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Roxanna Meta:
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Posts tagged "women"

tallestsilver:

bellechere:

I haven’t for over half a year, now. In fact, I’ve been 100% single this whole time.

I wasn’t going to say anything - because it was private, and I was in a great deal of pain, and I didn’t want to make a big deal out of it - but now I’ve come to the point where I’m getting pretty annoyed by people saying ‘your husband is so lucky’.

In fact, even when married, I was miffed by that phrase. Whenever the line has been delivered to me, it’s been in conjunction with ‘a woman that’s beautiful/intelligent/into gaming/into comics is so rare, your husband is so lucky’. This intended compliment not only glorifies me (ick), but alludes that these characteristics can only be appreciated by my significant other. Hey, you can appreciate my being a fan of comics and gaming, and my smarts, and my looks without being married to me. The only things my husband ever had that I don’t offer everyone else was sex and unwavering devotion. So it leads me to believe that when I’m given this ‘compliment’, it’s just masquerading as wishing you could have sex with me, which I don’t perceive as a compliment. At all.

Clearly a relationship is based on more than just comics, games, beauty, and smarts. Please stop simplifying me and the basis of marriage/a relationship.

Men, please stop saying someone’s husband/boyfriend is ‘so lucky’, and start appreciating the traits of a woman as a friend would.

MIC DROP

comicbookcosplay:

What is “Ladies of Power”?

"Ladies of Power" is a 12 month calendar project celebrating female empowerment and women of all shapes, sizes, and colors. It’s primarily a cosplay calendar, but also some of the cosplayers are also alt models, burlesque dancers, artists, and other incredible women all coming together to celebrate what it means to be a woman. 

This calendar includes a variety of different women between ages 19 and 55.  It also includes women of color, LGBT, trans*, maternity, curvy voluptuous women - generally truly beautiful women you tend to not always see featured in calendars, especially ones involving cosplayers. :) All women in the calendar are local to the Dallas/Ft Worth, Texas metroplex.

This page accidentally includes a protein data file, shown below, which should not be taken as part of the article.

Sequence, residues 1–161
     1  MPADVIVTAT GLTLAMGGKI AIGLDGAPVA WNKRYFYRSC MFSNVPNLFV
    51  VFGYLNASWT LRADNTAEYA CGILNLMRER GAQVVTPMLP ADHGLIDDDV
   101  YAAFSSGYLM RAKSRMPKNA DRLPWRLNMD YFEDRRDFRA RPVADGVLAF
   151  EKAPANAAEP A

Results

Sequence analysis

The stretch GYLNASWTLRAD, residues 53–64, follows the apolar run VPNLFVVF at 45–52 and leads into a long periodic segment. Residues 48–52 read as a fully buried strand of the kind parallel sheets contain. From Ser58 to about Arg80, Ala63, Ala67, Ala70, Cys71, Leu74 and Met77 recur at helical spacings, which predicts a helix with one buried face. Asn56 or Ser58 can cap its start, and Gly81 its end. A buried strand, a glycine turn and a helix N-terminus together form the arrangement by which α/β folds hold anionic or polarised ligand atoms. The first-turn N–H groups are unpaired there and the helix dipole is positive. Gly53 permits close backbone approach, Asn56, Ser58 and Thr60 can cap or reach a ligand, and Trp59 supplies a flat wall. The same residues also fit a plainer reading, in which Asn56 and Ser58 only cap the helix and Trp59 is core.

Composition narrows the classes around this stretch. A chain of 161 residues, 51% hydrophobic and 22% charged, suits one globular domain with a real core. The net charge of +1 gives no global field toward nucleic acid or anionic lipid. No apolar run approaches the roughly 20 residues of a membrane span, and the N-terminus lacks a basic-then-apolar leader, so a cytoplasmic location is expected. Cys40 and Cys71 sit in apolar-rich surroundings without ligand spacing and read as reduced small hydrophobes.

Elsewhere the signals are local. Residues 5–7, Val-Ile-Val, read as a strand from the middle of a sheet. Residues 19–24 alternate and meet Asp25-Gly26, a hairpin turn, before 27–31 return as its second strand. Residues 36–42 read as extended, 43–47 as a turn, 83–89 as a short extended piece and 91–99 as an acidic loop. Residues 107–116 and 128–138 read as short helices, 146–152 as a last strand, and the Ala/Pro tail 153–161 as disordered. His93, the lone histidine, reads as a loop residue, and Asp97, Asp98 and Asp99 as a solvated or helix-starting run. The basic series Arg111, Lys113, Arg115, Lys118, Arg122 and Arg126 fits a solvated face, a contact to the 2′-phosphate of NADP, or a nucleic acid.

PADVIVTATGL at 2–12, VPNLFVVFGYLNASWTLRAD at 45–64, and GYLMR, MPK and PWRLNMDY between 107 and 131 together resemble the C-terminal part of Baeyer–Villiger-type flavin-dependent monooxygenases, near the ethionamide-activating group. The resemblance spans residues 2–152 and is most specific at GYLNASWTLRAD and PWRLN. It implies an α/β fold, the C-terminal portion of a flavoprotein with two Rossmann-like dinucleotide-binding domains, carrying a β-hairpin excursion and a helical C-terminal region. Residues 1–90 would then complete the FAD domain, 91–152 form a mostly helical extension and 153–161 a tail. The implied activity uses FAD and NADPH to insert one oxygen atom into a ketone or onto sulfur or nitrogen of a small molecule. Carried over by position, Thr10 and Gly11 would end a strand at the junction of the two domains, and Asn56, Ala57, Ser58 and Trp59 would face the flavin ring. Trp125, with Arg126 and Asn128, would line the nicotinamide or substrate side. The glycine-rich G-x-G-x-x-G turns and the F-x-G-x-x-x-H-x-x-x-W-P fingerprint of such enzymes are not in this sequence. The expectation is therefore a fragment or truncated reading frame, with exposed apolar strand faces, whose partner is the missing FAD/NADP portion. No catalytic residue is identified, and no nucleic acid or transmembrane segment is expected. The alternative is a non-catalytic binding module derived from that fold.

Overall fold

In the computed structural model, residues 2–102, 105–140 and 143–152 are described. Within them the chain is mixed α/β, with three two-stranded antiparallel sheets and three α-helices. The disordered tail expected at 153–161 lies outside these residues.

Each month is a different geeky media category - Literature, Sci Fi, Anime, Video Games, Comics, etc. Characters range from historical beauties like Audrey Hepburn, to Harry Potter’s  Hermione Granger, to X-Men’s Storm, to Spider-man’s Black Cat, to anime’s Sailor Moon, to horror star Freddy Kreuger, to a female incarnation of the Doctor from Doctor Who, and beyond!

(And did we mention, one month features a sexy trio of Black Cat (Spider-man), Catwoman (Batman), and Cheetah (Catwoman) getting their feline prowess on together? ;) That’s something you don’t want to miss!) 

We feel beauty and power come in all forms and it’s not something you typically see in mainstream media and even in niche circles like nerd communities and that’s a shame. Beauty is subjective and we want to provide a product that caters to many different beauty and power ideals other than what is currently on the market. 

But what of the empowerment aspect? We focus on empowerment because ALL proceeds of the calendars sales once they’re printed will go to the Genesis Women’s Shelter in Dallas, Texas.  This shelter provides resources for women and children who suffer from abuse, addiction, poverty, etc - including:

  • shelter
  • food
  • clothing
  • access to internet and phones
  • childcare for children too young for school
  • medical assistance for those recovering from addiction and/or abuse
  • legal aid for those saving themselves and/or their family from an abusive situation
  • assistance with job acquisition to help get women, especially singe mothers, out of poverty
  • assistance with acquiring affordable safe vehicles and apartment homes
  • therapy and counseling for all women and children in the shelter
  • a 24 hour help hotline

and tons of other valuable resources to those in need!

We’re hoping the images in the calendar and the proceeds of said calendar’s sales will help to better empower the women at this shelter and many more all over the world. :) 

To get this thing printed please DONATE HERE! (It will cost $1,250 USD to print 250 high quality copies from a very wonderful, green company) 

So please take a moment to support a worthwhile cause featuring some very sexy, powerful babes! And if you can’t donate to the cause you can help by spreading the word! 

Wow!!

(via thatdjspider)

gailsimone:

thebanegrimm:

Left is the new Wonder Woman. Being deemed still too skinny and frail.